Facebook AI researchers recently open-sourced their unsupervised cross-lingual speech recognition model, XLSR, that can handle 53 languages at a time. The model provides 72% phoneme error rate reduction and 16% word error rate reduction on the CommonVoice and the Babel benchmarks, respectively, compared to the best results.
Why Unsupervised Training?
Multilingual models leverage data from other languages to transcribe in multiple languages. These models mostly use supervised cross-lingual training, which requires labeled data in various languages. But the transcribed speech acts as the label is often scarcer than unlabeled speech and requires non-trivial human annotation. Hence, unsupervised representation learning or pre-training is used as it does not require labeled data. The choice is supported by previous experiments that have shown cross-lingual pre-training is very useful for low resource languages mainly.
What Is New This Time?
Unsupervised representation learning has been followed mostly in the monolingual setting. The Facebook researchers extend to cross-lingual settings by learning representations on unlabeled data that generalize across languages. Unlike previous works, the researchers fine-tuned the transformer part of the model instead of freezing all pre-trained representations or feeding them to a separate downstream model, managing to pack all functions in a single model.
How Does The XLSR Architecture Look?
The researchers build on the wav2vec ver2.0 model’s pretraining approach. The model contains a convolutional feature encoder to map raw audio to latent speech representations fed to a transformer network to output context representations. The transformer architecture follows BERT except for relative positional embeddings. Feature encoder representations are discretized with a quantization module to represent the self-supervised learning objective targets for training. A shared quantization module ensures multilingual quantized speech units whose embeddings are then used as targets for a transformer trained by contrastive learning. Therefore, XLSR jointly learns contextualized speech representations as well as a discrete vocabulary of latent speech representations. The latter is used to train the model with a contrastive loss, and the discrete speech representations are shared across languages creating bridges among them.
How Is XLSR Pre-trained?
It is pre-trained on 56k hours of speech in 53 languages on datasets like BABEL – conversational telephone data, CommonVoice – a corpus of read speech, and Multilingual LibriSpeech (MLS). When pretraining on L languages, multilingual batches are formed by sampling speech samples from a multinomial distribution. The model is trained by solving a contrastive task over masked latent speech representations and learning a quantization of the latent features shared across languages. The researchers randomly masked all time steps with probability 0.065 to be initial indices and the next ten timesteps. The objective requires identifying the real quantized latent for a masked time-step within a set of K = 100 other latent features sampled from other masked time steps. A codebook diversity penalty augments this to encourage the model to use all codebook entries.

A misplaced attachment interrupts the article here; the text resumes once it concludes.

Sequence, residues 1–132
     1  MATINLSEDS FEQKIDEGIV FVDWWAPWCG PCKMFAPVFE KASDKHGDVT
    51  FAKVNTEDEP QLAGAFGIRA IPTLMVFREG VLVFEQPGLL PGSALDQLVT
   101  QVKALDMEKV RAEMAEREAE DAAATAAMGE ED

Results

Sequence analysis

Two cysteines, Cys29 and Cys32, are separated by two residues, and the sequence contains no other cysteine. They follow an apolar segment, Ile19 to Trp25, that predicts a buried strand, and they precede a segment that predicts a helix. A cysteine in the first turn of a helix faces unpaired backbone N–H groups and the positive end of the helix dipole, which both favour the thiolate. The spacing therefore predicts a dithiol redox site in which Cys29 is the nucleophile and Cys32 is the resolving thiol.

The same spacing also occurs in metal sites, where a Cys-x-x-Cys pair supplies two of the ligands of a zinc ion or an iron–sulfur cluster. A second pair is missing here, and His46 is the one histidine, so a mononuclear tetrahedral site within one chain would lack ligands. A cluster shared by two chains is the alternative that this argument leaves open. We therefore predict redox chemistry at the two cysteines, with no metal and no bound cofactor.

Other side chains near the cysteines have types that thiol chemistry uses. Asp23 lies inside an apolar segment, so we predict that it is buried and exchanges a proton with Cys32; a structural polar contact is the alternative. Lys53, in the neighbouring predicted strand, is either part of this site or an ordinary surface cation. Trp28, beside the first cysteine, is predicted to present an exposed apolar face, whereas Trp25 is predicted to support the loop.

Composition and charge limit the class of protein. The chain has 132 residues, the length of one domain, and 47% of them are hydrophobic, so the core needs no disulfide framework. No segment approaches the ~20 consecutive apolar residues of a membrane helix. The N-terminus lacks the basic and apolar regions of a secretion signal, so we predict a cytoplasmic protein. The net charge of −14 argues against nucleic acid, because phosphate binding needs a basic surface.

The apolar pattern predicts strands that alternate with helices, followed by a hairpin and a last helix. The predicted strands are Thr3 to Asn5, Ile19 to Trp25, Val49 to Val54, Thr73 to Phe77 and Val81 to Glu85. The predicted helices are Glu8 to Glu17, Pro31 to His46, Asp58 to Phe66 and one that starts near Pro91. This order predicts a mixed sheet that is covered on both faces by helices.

How Is XLSR-53 Fine-Tuned?
To fine-tune the model, a classifier representing the respective downstream task’s output vocabulary on top of the model is added and trained on the labeled data with a Connectionist Temporal Classification (CTC) loss. Weights of the feature encoder are not updated at the fine-tuning time. For CommonVoice, they fine-tuned for 20k updates and on BABEL for 50k updates on 2 GPUs for the Base model (XLSR-10) and 4 GPUs for the Large model (XLSR-53).
What Were The Results?
Cross-lingual pre-training significantly outperforms monolingual pretraining thanks to the latent discrete speech representations shared across languages with increased sharing for related languages. As a result, the multilingual pre-trained model implicitly learns to cluster related languages.
The researchers also demonstrated that XLSR representations could be fine-tuned simultaneously on multiple languages to obtain a multilingual speech recognition system whose performance is competitive and fine-tuning a separate model. The model’s learned representations transfer well to unseen languages. Cross-lingual transfer learning improves low-resource language understanding, but the transfer-interference trade-off between high-resource versus low-resource languages benefits low resource languages and hurts high resource languages.
To tinker with the code and read more, visit here.